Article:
"I don't like all these irresponsible attacks on us bankers all the time. Of course, Senator Windrip has to pretend publicly to bawl the banks out, but once he gets into power he'll give the banks their proper influence in the administration and take our expert financial advice. Yes. Why are you so afraid of the word 'Fascism,' Doremus? Just a word—just a word! And might not be so bad, with all the lazy bums we got panhandling relief nowadays, and living on my income tax and yours—not so worse to have a real Strong Man, like Hitler or Mussolini—like Napoleon or Bismarck in the good old days—and have 'em really run the country and make it efficient and prosperous again."How well does this shoe fit the politics of the United States in 2012?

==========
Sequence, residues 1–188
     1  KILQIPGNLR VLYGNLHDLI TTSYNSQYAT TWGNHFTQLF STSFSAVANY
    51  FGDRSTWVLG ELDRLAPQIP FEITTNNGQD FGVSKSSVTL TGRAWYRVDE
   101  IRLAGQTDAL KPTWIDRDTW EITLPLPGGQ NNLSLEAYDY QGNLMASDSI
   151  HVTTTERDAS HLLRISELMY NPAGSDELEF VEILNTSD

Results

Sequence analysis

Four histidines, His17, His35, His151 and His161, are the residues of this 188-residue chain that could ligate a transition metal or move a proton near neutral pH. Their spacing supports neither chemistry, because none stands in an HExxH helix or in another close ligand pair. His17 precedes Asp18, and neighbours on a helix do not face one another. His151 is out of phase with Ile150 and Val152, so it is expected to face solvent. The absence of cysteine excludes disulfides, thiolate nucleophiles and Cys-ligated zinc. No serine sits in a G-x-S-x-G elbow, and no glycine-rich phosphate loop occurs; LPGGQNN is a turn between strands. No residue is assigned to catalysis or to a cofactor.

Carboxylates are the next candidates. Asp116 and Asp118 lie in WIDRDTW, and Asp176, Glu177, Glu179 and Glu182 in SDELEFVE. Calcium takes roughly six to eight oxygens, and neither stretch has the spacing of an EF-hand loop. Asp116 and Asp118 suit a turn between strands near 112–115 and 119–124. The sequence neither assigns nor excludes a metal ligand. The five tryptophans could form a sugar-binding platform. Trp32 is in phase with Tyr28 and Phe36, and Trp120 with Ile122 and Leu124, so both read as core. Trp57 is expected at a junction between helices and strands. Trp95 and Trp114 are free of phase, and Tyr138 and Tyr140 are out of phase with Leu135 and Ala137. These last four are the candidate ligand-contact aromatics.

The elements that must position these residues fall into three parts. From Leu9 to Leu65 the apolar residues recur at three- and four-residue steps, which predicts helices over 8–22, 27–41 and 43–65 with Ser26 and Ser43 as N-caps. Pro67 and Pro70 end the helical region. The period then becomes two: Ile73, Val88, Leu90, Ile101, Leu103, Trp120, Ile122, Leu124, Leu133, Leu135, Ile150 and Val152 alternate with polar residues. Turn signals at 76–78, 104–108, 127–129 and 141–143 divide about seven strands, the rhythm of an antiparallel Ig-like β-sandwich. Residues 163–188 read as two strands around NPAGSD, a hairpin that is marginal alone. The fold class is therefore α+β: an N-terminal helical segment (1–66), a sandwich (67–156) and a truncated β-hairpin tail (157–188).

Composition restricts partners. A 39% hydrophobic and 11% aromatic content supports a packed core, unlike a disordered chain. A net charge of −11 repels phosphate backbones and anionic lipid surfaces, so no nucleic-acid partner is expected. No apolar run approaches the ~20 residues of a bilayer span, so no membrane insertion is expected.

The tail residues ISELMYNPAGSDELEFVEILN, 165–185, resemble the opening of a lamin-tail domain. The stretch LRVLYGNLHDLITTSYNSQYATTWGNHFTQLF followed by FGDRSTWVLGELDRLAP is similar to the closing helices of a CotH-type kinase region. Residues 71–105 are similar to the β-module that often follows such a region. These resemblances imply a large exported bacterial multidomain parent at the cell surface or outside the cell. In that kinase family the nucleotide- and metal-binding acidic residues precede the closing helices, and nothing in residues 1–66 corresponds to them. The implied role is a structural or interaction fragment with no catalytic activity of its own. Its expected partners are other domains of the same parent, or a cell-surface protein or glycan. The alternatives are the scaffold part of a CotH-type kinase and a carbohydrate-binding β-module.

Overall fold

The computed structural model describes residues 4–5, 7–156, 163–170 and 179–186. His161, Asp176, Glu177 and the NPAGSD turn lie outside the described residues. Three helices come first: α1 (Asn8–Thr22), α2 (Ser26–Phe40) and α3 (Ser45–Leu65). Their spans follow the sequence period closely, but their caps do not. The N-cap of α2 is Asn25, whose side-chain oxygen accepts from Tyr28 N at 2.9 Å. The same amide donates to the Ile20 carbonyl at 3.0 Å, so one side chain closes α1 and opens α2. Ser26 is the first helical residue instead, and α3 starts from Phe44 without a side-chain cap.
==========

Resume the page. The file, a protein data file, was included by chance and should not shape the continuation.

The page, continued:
Then Lewis comments on the integrity of political campaigns, when a Windrip supporter admits that the candidate's promises amount to air, "just molasses for the cockroaches."
Then there's this timely partisan snipe, from the mouth of Karl Pascal, the Communist,
". . . Freedom, Order, Security, Discipline, Strength! All those swell words that even before Windrip came in the speculators started using to protect their profits! Especially how they used the word 'Liberty'! Liberty to steal the didies off the babies! I tell you, an honest man gets sick when he hears the word "Liberty' today, after what the Republicans did to it!"I'm just sayin'.
Saturday, December 17, 2011
"Banks actually create money when they lend it. Here's how it works: Most of a bank's loans are made to its own customers and are deposited in their checking accounts. Because the loan becomes a new deposit, just like a paycheck does, the bank once again holds a small percentage of that new amount in reserve and again lends the remainder to someone else, repeating the money-creation process many times."
This sounds innocent enough, but notice the peculiar nature of the money that banks create. The money exists entirely as debt. When you take out a loan from a bank, you owe the money back to the bank. With interest.